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You’ve got to be kidding me

Written By: - Date published: 10:38 pm, January 29th, 2012 - 76 comments
Categories: you couldn't make this shit up - Tags: , ,

Pike River boss Peter Whittall, the guy facing charges after 29 of his employees died working in his unsafe, ‘profit-over-people’ mine, has set up a mining safety consulting company. What’s next? A Minister of Tourism who always holidays overseas? A Finance Minister who wants to sell highly profitable assets in a down market? … oh … This country is nuts.

76 comments on “You’ve got to be kidding me”

  1. Mark 1

    There were obviously big problems at Pike River.
    Maybe it should never have been mined, but Coasters wanted and needed the business and jobs.
    Maybe it should have been opencast, and the short/medium term environmental issues balanced out by a land rehabilitation bond (it works in other areas)
    Nobody seemed to be making big profits, despite injecting big capital, perhaps the business case was flawed due to above points.
    Perhaps the miners (RIP) were somewhat blase regarding their own safety (cigarette butts and lighters found inside the mine) and no amount of Mines Inspectors could have policed this – and it would be interesting to see the response if anyone was sacked due to safety breaches.
    I have no experience in the desire or necessity to have bodies recovered to get closure, however if it was hugely important to me and I had experience underground I would be pushing hard to have a go myself to reclaim my brother, son, workmate. I think it is wrong to disallow anyone that opportunity yet expect Emergency Services to undertake the task.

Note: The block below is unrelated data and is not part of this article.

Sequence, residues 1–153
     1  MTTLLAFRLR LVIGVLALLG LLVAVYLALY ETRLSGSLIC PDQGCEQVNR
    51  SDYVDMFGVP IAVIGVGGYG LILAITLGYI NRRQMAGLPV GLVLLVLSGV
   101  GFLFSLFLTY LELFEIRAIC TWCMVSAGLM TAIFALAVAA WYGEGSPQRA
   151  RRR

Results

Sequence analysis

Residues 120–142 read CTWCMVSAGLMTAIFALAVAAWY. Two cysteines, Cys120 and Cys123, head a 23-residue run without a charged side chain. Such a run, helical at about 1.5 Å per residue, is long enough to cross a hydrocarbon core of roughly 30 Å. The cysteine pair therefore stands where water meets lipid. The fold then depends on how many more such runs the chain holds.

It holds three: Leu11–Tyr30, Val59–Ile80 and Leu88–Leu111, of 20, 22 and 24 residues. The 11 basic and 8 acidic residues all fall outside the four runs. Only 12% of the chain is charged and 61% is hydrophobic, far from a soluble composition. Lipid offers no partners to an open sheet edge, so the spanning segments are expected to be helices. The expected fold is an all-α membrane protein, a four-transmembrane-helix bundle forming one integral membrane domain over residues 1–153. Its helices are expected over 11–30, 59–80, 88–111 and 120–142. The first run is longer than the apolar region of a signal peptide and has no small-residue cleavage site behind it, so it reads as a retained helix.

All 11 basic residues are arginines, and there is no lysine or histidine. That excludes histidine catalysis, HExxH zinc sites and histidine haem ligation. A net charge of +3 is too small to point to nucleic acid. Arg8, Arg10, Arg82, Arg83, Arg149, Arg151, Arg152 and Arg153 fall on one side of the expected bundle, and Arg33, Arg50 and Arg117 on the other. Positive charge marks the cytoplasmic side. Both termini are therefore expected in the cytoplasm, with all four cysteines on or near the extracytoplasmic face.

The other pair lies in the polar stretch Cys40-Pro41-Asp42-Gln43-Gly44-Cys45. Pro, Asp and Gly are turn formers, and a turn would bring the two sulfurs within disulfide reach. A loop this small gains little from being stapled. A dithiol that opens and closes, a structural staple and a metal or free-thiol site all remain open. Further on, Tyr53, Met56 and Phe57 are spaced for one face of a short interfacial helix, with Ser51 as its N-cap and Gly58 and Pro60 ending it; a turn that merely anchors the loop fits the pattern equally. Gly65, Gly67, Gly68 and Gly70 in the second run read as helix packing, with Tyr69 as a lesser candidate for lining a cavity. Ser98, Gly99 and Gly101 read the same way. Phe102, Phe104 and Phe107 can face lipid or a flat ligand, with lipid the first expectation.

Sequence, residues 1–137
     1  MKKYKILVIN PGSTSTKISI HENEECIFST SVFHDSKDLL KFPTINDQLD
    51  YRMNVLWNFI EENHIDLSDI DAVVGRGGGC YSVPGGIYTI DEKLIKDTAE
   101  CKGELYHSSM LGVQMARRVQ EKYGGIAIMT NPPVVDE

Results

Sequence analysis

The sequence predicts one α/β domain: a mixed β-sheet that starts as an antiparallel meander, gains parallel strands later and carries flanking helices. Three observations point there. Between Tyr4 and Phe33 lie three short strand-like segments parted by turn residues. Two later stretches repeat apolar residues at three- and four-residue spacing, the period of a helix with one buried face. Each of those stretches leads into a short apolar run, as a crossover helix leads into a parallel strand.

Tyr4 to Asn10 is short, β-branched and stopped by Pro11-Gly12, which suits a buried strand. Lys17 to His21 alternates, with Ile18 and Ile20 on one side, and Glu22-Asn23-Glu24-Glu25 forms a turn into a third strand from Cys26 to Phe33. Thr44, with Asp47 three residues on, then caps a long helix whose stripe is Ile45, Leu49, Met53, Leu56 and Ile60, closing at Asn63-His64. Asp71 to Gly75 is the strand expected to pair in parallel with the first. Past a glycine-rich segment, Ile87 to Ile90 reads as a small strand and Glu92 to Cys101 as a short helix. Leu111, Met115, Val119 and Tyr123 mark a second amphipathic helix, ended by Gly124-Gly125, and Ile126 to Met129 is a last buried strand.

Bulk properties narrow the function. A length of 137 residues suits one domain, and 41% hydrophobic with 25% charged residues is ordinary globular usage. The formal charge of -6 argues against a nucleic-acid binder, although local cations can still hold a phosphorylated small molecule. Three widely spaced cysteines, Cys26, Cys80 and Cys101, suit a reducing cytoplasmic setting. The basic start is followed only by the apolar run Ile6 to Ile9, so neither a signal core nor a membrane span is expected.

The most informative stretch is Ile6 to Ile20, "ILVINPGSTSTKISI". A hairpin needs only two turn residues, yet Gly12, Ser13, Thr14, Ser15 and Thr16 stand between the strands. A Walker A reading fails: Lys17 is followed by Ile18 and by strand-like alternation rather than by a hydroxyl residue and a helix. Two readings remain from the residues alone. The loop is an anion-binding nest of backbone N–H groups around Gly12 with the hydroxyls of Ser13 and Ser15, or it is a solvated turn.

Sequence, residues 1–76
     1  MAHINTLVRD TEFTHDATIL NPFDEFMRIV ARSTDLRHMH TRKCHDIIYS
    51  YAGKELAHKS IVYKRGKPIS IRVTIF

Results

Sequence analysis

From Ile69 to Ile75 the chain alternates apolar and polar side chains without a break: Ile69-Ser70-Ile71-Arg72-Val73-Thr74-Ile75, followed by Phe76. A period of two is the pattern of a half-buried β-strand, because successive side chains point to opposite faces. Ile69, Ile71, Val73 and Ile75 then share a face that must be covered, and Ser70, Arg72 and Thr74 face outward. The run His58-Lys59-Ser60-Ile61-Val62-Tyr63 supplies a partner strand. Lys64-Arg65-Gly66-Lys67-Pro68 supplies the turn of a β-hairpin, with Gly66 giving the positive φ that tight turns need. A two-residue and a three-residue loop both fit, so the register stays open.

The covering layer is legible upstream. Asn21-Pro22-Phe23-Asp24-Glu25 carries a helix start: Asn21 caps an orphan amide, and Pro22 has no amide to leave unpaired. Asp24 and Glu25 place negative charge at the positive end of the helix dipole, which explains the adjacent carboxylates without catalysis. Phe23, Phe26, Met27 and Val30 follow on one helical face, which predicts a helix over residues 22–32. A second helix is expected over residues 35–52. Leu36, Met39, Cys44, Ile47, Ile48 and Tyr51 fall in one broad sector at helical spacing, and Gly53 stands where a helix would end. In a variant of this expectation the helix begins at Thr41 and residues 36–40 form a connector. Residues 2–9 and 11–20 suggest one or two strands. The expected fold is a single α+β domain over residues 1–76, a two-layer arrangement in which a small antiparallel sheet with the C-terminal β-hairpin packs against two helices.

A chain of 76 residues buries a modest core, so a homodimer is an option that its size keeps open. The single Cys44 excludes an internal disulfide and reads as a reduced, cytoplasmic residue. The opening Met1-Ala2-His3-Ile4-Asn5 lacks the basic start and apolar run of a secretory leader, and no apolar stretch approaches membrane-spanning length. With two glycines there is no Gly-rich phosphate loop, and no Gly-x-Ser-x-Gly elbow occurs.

NZ needs the revenue and jobs that mineral extraction enables, and we are capable of mitigating environmental effects as long as we debate the industry rationally rather than emotively.
    I am sure we have all seen the exotic forests cut and regrown in our sensitive areas, it looks like shit for a few years, then…

    IrishBill: The mine was never viable as opencast. The overburden would have been hundreds of meters deep in places. Both the open-cast claim and the line about workers’ not taking responsibility for their own safety are based on spin spread around shortly after the explosion. They have about as much validity and currency as the calls made at around the same time to make Whittall CEO of the year.


    • Mark 1.1

      However I do agree that this appears to be a slightly insensitive new role for Peter Whittal.. everyone has to earn a crust tho don’t they? Or should he be a beneficiary? 

      • The Voice of Reason 1.1.1

        Should be in jail.

      • Colonial Viper 1.1.2

        appears to be a slightly insensitive new role for Peter Whittal..

        “Slightly sensitive”? You’re a joke and an apologist for a man who fucked up in the name of profits.

      • Draco T Bastard 1.1.3

        I have no problem with him finding employment but he has proven himself incapable of the role he has taken.

        • Lanthanide

          Yeah, when I initially heard he set up a mining consultancy company, I thought “fair enough”.

          But because it’s specifically a *mining safety* consultancy, I think that’s a bridge too far.

      • ghostwhowalksnz 1.1.4

        Heard of the mining boom in Australia ? he could earn a living as a mine manger … if he was any good

    • McFlock 1.2

      Much lolz.
      You blame the coasters, thegreenies, the investors, and the miners themselves, but not the guy in  charge.
      Piss off.

      [Be fair.. he was ‘slightly insensitive’…RL]

    • Mark 1.3